When you hit lots of home runs, a bunch of singles and doubles feel like a letdown on in comparison…even if you’re still getting on base. While Universal had no $1 billion hits or any films in the annual top 10, they still managed to get to $1 billion in domestic grosses through a mix of smaller but still potent tentpoles and original titles.
Leading the way for the studio was Jordan Peele’s “Us,” an original horror film that not only solidified the Oscar winner’s spot as a can’t-miss filmmaker but also proves that Universal’s first-look deal with his Monkeypaw production banner will be a source for original and intriguing films that the studio can put out on an annual basis. And while the “Fast & Furious” spinoff “Hobbs & Shaw” and “Secret Life of Pets 2” didn’t yield summertime bucks as big as their predecessors, they were still strong tentpoles that helped Universal cross $1 billion yet again.
Which makes it all the more unfortunate that “Cats” ended Universal’s year on a sour note. While distribution execs who spoke with TheWrap remained confident in the musical even after the release of its dunked-on trailer, the CGI humanoid felines alienated audiences and turned “Cats” into a bomb of colossal proportions. Universal will try to quickly rebound with the wide release of “1917” to kick off 2020, followed by sequels to “Trolls,” “Minions,” “Halloween” and the big tentpole, “Fast & Furious 9.”
SONY: $1.26 billion domestic market share, 11.5% market share
Highlights: “Spider-Man: Far From Home” ($390.5 million dom./$1.13 billion WW); “Once Upon a Time…In Hollywood” ($141 million dom./$370 million WW)
Lowlights: “Charlie’s Angels” ($17.7 million dom./$57.5 million WW); “Men In Black International” ($80 million dom./$253 million WW)
Sony had a high profile bomb with “Charlie’s Angels” in November, but it was still able to increase its annual grosses thanks in large part to “Spider-Man: Far From Home,” a film that absorbed the excitement from “Avengers: Endgame” and gave Sony their second $1 billion hit in studio history. That MCU gravy train was nearly derailed when Sony and Disney broke off their partnership on “Spider-Man” films, but a new round of negotiations led the two sides to agree to make one more movie together.
But Sony’s proudest accomplishment is likely “Once Upon a Time…in Hollywood,” the result of Quentin Tarantino looking for a new studio to make his ninth film after the downfall of longtime producer Harvey Weinstein. Sony won the bidding war for his next project, giving them an original awards contender to add to their slate.
2020 will see Sony get a good head start with holdover grosses from “Jumanji: The Next Level” before rolling the dice on several attempts to build more name brand blockbusters that will hopefully do better than the ill-fated “Men In Black: International.” These include the Spidey spinoff “Morbius” and another attempt to drum up interest in “Ghostbusters” with Jason Reitman’s “Afterlife.” But one 2020 film that might get kicked down the road is the planned adaptation of the “Uncharted” video game series, which hit another snag this week after director Travis Knight stepped down from the project.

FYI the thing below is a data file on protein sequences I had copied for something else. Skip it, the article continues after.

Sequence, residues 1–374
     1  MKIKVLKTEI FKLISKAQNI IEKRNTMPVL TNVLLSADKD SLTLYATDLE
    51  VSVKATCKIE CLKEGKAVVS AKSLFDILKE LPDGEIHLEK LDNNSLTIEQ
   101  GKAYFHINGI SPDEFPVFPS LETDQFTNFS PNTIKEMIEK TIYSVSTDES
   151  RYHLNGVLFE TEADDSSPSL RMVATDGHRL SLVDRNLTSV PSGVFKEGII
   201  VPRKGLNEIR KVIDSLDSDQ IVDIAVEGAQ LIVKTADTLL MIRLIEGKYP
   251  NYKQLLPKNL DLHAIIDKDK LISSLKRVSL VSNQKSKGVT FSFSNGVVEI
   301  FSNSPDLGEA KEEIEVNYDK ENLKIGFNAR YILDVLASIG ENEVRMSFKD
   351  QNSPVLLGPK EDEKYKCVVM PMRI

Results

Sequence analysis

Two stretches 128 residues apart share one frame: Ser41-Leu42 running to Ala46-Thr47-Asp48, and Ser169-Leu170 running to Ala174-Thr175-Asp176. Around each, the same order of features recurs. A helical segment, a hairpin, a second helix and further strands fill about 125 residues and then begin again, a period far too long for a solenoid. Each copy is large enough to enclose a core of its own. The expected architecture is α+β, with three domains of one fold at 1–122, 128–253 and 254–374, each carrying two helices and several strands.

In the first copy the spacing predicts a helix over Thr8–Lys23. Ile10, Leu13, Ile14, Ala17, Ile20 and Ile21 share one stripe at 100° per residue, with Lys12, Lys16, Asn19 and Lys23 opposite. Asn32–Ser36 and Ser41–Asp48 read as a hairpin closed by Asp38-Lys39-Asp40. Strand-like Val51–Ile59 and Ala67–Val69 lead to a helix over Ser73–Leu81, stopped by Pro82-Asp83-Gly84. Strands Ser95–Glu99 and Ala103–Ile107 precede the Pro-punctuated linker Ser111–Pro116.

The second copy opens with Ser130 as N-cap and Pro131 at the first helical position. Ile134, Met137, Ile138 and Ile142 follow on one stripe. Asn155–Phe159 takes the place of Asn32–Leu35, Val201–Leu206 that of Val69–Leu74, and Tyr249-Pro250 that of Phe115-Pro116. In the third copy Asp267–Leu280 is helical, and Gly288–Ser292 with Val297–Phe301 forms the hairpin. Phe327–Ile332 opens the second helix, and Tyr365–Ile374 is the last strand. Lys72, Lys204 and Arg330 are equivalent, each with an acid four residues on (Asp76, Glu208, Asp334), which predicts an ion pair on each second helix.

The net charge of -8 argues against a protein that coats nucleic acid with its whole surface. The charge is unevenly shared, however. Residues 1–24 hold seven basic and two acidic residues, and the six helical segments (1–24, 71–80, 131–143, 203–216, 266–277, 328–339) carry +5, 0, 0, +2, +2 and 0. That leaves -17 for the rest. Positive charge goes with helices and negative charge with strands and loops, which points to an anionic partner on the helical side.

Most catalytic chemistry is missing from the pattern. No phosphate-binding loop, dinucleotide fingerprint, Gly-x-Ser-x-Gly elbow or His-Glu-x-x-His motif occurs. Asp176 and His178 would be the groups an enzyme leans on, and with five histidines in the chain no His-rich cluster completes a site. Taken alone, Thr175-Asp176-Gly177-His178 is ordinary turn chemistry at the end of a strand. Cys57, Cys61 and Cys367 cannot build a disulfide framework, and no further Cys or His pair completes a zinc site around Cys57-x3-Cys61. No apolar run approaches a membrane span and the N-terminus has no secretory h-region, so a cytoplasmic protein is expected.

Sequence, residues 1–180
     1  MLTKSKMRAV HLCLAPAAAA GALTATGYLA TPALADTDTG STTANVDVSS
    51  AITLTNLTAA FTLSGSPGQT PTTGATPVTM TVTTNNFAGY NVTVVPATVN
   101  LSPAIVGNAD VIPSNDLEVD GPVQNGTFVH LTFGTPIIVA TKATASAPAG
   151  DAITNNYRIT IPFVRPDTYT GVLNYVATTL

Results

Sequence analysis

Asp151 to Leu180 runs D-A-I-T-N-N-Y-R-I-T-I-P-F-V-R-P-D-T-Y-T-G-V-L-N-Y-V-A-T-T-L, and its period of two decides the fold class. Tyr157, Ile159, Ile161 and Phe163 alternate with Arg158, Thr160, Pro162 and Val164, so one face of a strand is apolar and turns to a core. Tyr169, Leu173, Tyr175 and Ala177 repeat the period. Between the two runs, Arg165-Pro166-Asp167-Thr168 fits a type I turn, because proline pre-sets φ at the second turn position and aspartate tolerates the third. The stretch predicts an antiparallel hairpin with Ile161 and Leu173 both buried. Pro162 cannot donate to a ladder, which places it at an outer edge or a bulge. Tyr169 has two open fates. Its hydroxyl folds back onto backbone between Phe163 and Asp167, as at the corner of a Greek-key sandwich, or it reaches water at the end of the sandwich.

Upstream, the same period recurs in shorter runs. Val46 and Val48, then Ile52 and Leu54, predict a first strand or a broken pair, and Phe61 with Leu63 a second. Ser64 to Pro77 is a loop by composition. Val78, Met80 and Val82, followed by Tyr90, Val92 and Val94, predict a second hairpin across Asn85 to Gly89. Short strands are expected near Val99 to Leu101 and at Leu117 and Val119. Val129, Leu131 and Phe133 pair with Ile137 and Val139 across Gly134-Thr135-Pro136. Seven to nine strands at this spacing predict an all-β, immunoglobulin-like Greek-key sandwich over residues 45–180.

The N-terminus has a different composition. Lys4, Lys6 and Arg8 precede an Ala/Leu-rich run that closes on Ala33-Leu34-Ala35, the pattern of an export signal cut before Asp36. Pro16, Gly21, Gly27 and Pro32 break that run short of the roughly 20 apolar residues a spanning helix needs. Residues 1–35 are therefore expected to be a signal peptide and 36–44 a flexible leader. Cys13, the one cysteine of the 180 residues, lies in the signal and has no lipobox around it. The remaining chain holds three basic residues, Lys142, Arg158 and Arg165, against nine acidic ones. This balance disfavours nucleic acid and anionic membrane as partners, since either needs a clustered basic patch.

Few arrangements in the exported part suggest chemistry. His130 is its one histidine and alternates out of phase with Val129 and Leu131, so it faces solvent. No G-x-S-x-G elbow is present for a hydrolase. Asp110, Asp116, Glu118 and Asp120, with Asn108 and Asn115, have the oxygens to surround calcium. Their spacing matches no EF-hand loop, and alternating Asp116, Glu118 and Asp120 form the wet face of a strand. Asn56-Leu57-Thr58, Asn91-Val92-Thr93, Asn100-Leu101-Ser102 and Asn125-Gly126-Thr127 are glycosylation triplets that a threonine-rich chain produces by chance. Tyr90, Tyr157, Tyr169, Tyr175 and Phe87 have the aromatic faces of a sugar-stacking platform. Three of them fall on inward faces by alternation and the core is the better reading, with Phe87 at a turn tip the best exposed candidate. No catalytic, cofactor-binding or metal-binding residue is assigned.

LIONSGATE: $768 million domestic market share, 7% market share
Highlights: “John Wick: Chapter 3 — Parabellum” ($171 million dom./$325 million WW); “Knives Out” ($112 million dom./$217 million WW after five weekends)
Lowlights: “Hellboy” ($21.9 million dom./$40 million WW)
Lionsgate isn’t entirely out of the hole it fell into in 2018, but it has gone a long way in getting back out. After a year in which its top domestic grosser made just $53 million, this studio found two $100 million-plus grossers, one from the still-rising “John Wick” series and another from an original story by Rian Johnson. The latter will be particularly noteworthy looking forward as “Knives Out” was heavily promoted by Lionsgate as a sign of their new identity: a place where auteur-driven films can thrive.
But whether the momentum can continue next year remains to be seen. The creator-driven approach will continue with films like Janelle Monae’s horror film “Antebellum” and “The Organ Donor,” a reboot of the “Saw ” franchise based on a story idea from lead star Chris Rock. Lionsgate will also kick off the launch of faith-based Kingdom Studios with “I Still Believe.”
There’s also a lot of predictions that Lionsgate will be bought out by Apple, WarnerMedia, or one of the many other companies entering the streaming space next year in an attempt to acquire more content, but we will cross that bridge if we come to it.
PARAMOUNT: $537 million domestic market share, 4.8% market share
Highlights: “Rocketman” ($96 million dom./$189 million WW)
Lowlights: “Terminator: Dark Fate” ($62 million dom./$250 million WW); “Gemini Man” ($48 million dom./$166 million WW)
In 2018, it felt like Paramount had started to turn things around under new head Jim Gianopulos. So much for that. The Viacom-owned studio now finds itself in the same situation Lionsgate was in last year, with no $100 million-plus domestic releases and murmurs of sales to a streaming company swirling around it.
While Universal was able to navigate a year without its biggest tentpoles on the slate, Paramount found itself struggling to gain traction without Tom Cruise making a movie for them. Their highest-grossing film, “Rocketman,” turned a decent profit but was well short of the dizzying heights of “Bohemian Rhapsody,” another biopic about an English rock icon directed by Dexter Fletcher. Meanwhile, the studio put blockbuster-sized investments in Ang Lee’s “Gemini Man” and a recognized name in “Terminator: Dark Fate,” only to see both films flop hard.
2020 should be a better year, if for no better reason than Cruise returning to the slate with “Top Gun: Maverick.” A sequel to Paramount’s big self-grown box office hit, “A Quiet Place,” will also be on the slate, as will a new “Spongebob Squarepants” movie. But Paramount still needs to figure out how to expand their stable of reliable hits, or more years like this one will be coming.
Source: the wrap feed